For Stevens and the Trio, the record feels like fate — a strange synchronicity brought them together, pinning them at the center of “the music place,” as Dinkjian calls it. Despite having never met before, despite demos only being sent the night before the first rehearsal, everything was “effortless.” For him, music will find a way to reach anyone, no matter their dialect. “We can find a way to harmonize it,” he says. Becca Stevens & The Secret Trio is a perfect harmony, shot through with light and magic.

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:: stream/purchase Becca Stevens & The Secret Trio here ::


Atwood Magazine: How did this collaboration come to be?

Becca Stevens: I was at groundUP Fest in 2019. The festival is split into daytime shows on outdoor stages and then after hours shows in more moody rooms in the basement of a hotel. I had asked Mike League, “What show of the whole festival can I not miss?” Without missing a beat, he said, “The Secret Trio, it’s my favorite band in the whole world. If you miss it, you’ll regret it for the rest of your life.” And I said, “Okay, great. What time is it?” thinking he was gonna say like, 3pm. It was at 2am. I was like, “Oh, man, that’s the same day I perform, I don’t know,” and he said, “You asked me, I’m just telling you.”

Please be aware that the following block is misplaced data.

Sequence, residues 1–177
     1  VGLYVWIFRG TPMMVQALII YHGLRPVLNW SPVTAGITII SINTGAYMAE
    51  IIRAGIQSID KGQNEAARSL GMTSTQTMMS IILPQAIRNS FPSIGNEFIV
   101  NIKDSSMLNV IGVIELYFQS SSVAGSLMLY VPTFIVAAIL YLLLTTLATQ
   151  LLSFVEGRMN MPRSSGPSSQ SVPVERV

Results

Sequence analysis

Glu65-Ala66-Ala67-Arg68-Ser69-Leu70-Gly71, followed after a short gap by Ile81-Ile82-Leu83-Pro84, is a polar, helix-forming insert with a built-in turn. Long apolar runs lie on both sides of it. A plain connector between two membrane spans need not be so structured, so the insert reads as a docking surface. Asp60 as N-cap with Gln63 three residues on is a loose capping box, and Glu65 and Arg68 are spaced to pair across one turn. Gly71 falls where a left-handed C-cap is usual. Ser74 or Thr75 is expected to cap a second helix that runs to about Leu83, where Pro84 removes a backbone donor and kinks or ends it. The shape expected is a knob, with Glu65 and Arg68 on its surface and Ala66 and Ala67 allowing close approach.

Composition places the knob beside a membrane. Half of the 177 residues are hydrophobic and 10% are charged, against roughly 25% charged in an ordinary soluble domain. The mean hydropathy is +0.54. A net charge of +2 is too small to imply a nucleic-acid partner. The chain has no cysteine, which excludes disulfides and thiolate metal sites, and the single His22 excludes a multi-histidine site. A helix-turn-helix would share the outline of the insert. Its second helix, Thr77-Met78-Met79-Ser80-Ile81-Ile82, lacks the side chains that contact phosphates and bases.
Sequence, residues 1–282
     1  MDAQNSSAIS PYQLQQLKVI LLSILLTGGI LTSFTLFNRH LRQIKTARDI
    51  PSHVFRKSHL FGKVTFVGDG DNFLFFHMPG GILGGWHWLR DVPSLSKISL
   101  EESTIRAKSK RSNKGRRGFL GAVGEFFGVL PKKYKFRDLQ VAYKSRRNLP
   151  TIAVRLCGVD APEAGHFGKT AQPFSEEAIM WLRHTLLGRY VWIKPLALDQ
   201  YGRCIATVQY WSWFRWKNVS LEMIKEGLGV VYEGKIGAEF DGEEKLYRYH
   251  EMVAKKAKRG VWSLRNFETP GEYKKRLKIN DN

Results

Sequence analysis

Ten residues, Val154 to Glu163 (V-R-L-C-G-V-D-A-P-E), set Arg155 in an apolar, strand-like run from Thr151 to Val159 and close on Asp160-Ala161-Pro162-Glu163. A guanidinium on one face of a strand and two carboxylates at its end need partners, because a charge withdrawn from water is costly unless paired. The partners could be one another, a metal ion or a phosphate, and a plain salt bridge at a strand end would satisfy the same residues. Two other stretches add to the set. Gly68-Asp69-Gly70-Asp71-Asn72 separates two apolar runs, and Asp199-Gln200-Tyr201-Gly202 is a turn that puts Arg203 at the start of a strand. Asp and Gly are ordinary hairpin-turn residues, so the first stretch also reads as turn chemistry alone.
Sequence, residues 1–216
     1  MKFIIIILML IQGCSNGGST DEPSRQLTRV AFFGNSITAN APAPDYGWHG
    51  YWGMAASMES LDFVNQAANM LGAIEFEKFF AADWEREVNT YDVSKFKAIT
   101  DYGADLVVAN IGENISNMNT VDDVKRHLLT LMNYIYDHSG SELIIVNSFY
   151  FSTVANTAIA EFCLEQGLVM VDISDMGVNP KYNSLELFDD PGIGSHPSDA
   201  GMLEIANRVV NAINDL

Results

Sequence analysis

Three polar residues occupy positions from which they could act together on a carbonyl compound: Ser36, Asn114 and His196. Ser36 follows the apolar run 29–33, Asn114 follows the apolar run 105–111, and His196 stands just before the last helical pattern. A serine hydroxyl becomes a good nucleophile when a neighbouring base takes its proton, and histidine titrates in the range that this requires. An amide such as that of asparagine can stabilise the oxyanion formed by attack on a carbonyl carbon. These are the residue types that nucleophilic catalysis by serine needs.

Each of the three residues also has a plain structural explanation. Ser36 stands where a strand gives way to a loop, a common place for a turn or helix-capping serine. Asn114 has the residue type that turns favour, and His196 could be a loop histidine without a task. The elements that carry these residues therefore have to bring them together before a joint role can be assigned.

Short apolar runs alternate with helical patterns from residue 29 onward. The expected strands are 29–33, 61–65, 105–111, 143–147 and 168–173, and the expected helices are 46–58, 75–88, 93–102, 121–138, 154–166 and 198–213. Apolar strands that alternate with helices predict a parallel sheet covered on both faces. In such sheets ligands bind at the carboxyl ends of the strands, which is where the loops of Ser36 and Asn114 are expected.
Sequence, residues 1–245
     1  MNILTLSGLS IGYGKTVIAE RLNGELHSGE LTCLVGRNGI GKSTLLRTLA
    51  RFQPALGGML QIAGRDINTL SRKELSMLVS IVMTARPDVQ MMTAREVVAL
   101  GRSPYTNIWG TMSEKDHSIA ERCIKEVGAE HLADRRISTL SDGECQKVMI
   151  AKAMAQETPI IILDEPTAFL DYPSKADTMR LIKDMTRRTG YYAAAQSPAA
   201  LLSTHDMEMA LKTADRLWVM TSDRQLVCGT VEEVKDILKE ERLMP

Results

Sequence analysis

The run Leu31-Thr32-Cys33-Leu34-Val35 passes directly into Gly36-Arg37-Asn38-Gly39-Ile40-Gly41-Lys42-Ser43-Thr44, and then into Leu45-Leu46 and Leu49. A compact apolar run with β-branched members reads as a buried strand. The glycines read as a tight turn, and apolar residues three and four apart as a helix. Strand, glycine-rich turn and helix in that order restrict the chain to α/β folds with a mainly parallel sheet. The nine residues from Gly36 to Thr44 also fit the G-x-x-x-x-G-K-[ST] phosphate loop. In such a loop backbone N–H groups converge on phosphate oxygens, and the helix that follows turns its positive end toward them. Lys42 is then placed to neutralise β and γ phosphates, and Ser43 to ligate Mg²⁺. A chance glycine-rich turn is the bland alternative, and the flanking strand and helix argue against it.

So I stayed up that night to see the show that Mike had recommended so highly. The band started playing, and almost immediately, just involuntarily, tears started streaming down my face. I was like, “What am I listening to? Oh my God, this is incredible.” I had heard Turkish music, but I’d never heard anything like this before. I don’t have a very deep history of understanding Turkish music the way that Mike does, so even the traditional aspects of it were blowing me away. But obviously, these guys are doing stuff that’s on a whole other level. I was sitting next to [percussionist] Jamie Haddad. I’m crying, crying, and Jamie taps me on the shoulder between a couple songs, leans over and says, “This is your next band.”